In 2009, Shepard Humphries took Don, a friend that had retired to Jackson Hole, out shooting in the forest. Don had recently moved from Chicago after selling his company, and had a stack of inherited guns that he wanted to learn how to use. Knowing Shepard’s background in executive protection, security consultation and law enforcement SWAT, including promoting through the ranks from the Perimeter team to the Entry team, then the Sniper team where he rose to Team Leader, Don decided to ask for guidance.
After shooting for a couple hours, Don made a suggestion to Shepard, “You ought to start a business teaching city folks like me how to shoot.” Thus it began.
Shepard began his research, and discovered that the term he and his wife thought would best describe their vision, “Shooting Experience” was only being used by one firm, a Jeep tour business in Arizona that offered a quick “get out and shoot” shooting excursion as part of their off-road experience. The only existing business that was performing shooting experiences similar to Shepard’s vision was Manhattan Shooting Excursions on the East Coast.
JHSE (Jackson Hole Shooting Experience) started with 4 guns, which Shepard would lay on a blanket on the ground, then have his guests shoot at paper targets attached to cardboard boxes. He sought out the counsel of luxury hoteliers Marcus Staffer and Stuart Campbell, learned some tricks of serving UHNWI from luxury fishing guide Bill Drui, began acquiring training certifications, added guns, made many right and wrong turns with marketing and by the end of 2010 had only served 10 groups and learned much.
In 2011, business more than tripled, Shepard received more hard knocks, learned from them, added more guns, and was recruited by the manager of a local range to make the Jackson Hole Gun Club the “home range” of the Jackson Hole Shooting Experience. Meanwhile, Shepard continued running his other business, where he also learned much about business.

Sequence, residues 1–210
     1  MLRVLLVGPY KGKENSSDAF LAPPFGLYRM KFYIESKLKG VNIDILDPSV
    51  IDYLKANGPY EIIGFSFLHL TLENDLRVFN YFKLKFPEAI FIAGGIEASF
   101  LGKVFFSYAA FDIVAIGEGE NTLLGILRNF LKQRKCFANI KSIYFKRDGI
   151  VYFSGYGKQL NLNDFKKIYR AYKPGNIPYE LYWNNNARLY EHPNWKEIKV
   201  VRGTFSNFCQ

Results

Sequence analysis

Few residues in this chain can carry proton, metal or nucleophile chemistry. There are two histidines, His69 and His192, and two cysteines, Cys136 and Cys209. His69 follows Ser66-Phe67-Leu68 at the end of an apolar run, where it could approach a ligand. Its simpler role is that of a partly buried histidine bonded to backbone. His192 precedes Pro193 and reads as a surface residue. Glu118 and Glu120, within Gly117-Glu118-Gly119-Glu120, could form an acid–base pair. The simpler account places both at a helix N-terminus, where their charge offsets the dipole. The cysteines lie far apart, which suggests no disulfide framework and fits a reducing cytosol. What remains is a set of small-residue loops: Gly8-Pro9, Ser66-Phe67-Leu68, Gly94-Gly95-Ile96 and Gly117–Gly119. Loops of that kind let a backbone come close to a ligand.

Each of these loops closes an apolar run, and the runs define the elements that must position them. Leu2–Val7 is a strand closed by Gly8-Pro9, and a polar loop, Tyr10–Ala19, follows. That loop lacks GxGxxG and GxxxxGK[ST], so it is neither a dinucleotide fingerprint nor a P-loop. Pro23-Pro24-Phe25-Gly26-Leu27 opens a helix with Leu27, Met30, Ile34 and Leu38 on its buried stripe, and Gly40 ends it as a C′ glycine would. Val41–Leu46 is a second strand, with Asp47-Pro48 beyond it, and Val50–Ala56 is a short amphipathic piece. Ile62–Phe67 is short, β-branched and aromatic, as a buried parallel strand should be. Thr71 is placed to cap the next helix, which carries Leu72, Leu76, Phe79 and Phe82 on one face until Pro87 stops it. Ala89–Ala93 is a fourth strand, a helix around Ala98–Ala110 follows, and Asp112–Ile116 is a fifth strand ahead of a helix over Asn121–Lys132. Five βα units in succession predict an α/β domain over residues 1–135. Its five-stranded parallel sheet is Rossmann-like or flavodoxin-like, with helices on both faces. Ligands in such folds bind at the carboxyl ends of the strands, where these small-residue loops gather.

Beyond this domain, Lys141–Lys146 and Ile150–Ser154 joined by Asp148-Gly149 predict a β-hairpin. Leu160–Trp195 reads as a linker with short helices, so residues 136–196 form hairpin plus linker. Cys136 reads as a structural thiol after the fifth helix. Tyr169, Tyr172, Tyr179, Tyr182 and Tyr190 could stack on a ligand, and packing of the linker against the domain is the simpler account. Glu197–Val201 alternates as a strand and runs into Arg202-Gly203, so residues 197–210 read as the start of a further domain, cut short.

Shepard’s wife Lynn “business brains” Sherwood, took notice of the shooting experience and began helping part time. Her experience starting businesses as well as buying and fixing broken businesses and previously as a charge nurse in a busy ER, lent to her skill in helping grow JHSE. Shepard and Lynn also leaned heavily on advice given over years by their mentors Ed and Shirley Cheramy. The vision of what a luxury shooting experience should look like was further honed.
In 2012 Lynn came on board part-time while still working her “hobby” business as a commodities trader. She continued growing the business and helping refine the offerings. Shepard sold his other most time-consuming company. 2012 was the year that JHSE changed from being a “hobby” to being a small business. Google searches of “shooting experience” began showing many copycats, first only in the US, then around the world. Some even copied JHSE experience descriptions and webpage design elements.
Each year since, JHSE management has carefully honed all aspects of the business, making operations more efficient, the guest experience even better and increasing sales. Shepard & Lynn have helped others seeking to start similar businesses and now offer professional consultation for luxury shooting experience business as well as unique partnership structuring that can include elements of financing, franchising, licensing and general consultation.
Shepard and Lynn are lifelong business development students, from reading books, attending Tony Robbins’ Business Mastery seminar and even in down-time watching entrepreneurial shows on TV, they love all things entrepreneurial! From seeking out the counsel of organization communications consultant John Morgan to attending business seminars by Tony Robbins and others, this luxury shooting industry duo have done much of the hard work so that your business journey will be easier. Now, they enjoy sharing what they have learned in their unique teaching style to help others improve.
Shepard looks back, “It wasn’t available back then, but if we could have spent $50k or traded a bit of equity to get great counsel and prevented wasted time and money inventing the wheel, it would have been such a benefit.”